Philosophy courses aim to cultivate capacities for careful textual analysis, critical and integrative interpretation, precise verbal and written expression and clear and creative thinking. These skills, developed through reasoned dialogue with others and rigorous engagement with texts, enable us to transmute presuppositions and cherished views into questions, thereby challenging rigid thinking and calling forth intellectual honesty and flexibility and a willingness to reconsider what might appear obvious. They also enable creative understandings of both large scale questions, for example, of social justice, and more personal questions, such as finding meaning in one’s own life.

The creative, analytical and critical skills developed through the study of philosophy provide a strong foundation for a wide range of life paths. Some philosophy students pursue graduate training in preparation for a career of teaching and research in higher education. The majority, however, enter other fields such as public service, education, law, journalism and business where the fruits of philosophical training are highly valued.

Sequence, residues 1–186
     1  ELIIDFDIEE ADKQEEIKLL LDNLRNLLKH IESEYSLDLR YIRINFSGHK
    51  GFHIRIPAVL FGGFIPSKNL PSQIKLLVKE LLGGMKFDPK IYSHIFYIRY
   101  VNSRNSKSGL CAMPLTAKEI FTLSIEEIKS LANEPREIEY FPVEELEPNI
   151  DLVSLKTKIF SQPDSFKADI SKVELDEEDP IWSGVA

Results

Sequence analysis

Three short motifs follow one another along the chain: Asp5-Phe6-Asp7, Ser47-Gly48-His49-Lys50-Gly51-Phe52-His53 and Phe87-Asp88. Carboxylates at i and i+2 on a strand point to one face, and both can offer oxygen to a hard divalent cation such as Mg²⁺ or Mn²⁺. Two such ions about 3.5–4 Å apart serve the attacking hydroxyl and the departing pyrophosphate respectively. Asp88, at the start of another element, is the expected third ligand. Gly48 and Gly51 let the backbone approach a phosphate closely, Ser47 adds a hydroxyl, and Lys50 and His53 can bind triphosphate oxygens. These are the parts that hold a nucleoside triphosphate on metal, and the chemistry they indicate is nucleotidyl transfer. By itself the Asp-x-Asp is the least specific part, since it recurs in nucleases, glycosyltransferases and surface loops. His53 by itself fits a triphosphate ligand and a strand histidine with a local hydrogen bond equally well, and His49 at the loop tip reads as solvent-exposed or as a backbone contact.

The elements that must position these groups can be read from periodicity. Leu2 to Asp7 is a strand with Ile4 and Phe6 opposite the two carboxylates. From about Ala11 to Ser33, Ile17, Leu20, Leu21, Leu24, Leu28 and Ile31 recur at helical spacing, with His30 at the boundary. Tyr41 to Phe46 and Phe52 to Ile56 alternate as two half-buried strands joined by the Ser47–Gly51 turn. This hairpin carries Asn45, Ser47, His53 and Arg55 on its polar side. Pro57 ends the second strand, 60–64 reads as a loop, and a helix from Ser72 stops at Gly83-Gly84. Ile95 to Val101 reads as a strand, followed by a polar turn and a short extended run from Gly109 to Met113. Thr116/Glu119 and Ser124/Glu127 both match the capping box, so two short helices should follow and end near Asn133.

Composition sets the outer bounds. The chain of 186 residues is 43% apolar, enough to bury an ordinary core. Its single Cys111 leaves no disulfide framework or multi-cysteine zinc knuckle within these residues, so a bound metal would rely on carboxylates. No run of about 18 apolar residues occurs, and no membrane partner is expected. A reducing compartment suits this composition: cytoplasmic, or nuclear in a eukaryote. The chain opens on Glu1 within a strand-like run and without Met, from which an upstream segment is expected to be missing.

Areas in which students have pursued Plan-level Work:

  • Historical figures, including Plato, Aristotle, Nagarjuna, Santideva, Mipham, Dogen, Locke, Spinoza, Kant, Hegel, Marx, Kierkegaard, Heidegger, Levinas, Wittgenstein, Arendt, Derrida, Deleuze, Du Bois, Fanon, Foucault, Habermas, 
  • Critical Theory
  • Environmental philosophy
  • Buddhist philosophy
  • Aesthetics
  • Philosophy of religion
  • Environmental thought
  • Animal studies
  • Philosophy of Place
  • Native American philosophy
  • Philosophy of language
  • Philosophy of science
  • Philosophy of education
  • Cross-cultural philosophy
  • Philosophy of race
  • Philosophy of mathematics


(a mostly random selection of Marlboro microdestinations)